Can 'Stolen' Documents in Rafale Case be Used as Evidence? Supreme Court to Decide Today
The Central government had earlier claimed privilege over documents pertaining to Rafale deal and asserted that no one can produce them in the court without the permission of the department concerned.
New Delhi: The Supreme Court will on Wednesday hear review pleas in Rafale jet case to decide if "stolen" Defence Ministry documents can be considered as evidence.
A bench of Chief Justice Rajan Gogoi, Justice Sanjay Kishan Kaul and Justice KM Joseph will pronounce the judgment on Rafale review pleas. The Defence Ministry had earlier filed an affidavit in the apex court in connection with the fighter jet case, claiming that the documents submitted in the review petition are sensitive to national security.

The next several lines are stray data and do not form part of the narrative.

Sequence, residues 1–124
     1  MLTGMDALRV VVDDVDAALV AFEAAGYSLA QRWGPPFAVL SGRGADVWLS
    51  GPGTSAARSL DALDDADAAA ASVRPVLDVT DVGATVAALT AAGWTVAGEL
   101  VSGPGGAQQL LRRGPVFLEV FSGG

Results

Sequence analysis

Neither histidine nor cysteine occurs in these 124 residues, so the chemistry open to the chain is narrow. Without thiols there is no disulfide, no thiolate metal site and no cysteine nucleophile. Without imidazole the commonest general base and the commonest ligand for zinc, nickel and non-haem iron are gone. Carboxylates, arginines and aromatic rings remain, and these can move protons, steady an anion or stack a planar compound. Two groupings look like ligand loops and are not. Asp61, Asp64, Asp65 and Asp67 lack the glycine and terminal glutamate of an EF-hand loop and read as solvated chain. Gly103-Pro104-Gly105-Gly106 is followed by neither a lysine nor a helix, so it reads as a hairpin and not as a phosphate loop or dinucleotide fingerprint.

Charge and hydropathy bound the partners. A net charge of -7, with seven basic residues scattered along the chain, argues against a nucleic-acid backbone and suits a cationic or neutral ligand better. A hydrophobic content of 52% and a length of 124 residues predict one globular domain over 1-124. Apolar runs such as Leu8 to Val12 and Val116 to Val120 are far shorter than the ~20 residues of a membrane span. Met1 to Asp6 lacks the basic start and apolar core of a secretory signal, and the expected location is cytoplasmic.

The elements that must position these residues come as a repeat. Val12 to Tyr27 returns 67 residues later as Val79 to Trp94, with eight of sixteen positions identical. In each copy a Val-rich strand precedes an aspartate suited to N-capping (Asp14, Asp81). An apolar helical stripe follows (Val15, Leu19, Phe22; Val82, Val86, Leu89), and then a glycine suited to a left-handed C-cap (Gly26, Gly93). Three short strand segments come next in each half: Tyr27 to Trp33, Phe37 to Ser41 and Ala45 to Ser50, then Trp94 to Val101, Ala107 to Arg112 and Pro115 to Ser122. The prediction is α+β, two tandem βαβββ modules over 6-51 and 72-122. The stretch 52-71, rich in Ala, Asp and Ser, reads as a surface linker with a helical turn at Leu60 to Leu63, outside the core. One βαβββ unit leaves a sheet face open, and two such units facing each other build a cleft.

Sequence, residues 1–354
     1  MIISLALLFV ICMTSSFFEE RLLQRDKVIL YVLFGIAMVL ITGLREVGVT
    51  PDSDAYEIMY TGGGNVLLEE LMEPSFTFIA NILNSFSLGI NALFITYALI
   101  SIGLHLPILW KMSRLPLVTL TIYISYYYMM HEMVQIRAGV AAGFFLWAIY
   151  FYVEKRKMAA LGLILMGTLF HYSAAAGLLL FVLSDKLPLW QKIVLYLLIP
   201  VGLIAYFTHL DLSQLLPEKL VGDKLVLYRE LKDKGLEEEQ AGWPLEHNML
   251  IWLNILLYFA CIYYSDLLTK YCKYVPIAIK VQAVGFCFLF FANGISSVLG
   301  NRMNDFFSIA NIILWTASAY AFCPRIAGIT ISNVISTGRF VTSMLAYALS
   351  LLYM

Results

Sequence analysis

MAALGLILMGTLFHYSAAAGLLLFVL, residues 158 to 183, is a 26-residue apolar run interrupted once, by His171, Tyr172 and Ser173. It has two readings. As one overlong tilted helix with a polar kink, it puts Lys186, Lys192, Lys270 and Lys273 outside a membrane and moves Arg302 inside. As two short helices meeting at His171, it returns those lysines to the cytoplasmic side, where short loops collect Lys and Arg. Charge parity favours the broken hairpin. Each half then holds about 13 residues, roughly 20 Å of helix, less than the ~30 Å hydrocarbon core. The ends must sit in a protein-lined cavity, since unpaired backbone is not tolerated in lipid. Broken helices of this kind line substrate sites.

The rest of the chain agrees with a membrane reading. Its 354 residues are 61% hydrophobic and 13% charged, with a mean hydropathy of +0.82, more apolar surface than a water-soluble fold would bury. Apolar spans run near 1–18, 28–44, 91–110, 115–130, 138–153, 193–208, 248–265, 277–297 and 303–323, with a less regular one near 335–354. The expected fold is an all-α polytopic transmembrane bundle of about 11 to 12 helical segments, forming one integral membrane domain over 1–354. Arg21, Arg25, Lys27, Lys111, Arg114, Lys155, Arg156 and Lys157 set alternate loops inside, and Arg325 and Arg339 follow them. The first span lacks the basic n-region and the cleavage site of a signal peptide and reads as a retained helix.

In its affidavit, the government said, the petitioners — former Union ministers Yashwant Sinha, Arun Shourie and advocate Prashant Bhushan — are guilty of leaking the sensitive information which has been widely circulated and is available to the country's enemy and adversaries.
The Central government had earlier claimed privilege over documents pertaining to Rafale deal and asserted that no one can produce them in the court without the permission of the department concerned. Attorney General KK Venugopal, appearing in the Supreme Court, referred to section 123 of the Evidence Act and provisions of the RTI Act to buttress his claim.
Venugopal had informed the Chief Justice Ranjan Gogoi-led bench on March 6 that documents cited by The Hindu newspaper in its reports on the controversial Rafale deal were stolen and cannot be shown in court as it would affect national security. The government had also warned The Hindu with a case under Official Secrets Act for publishing articles based on these documents.
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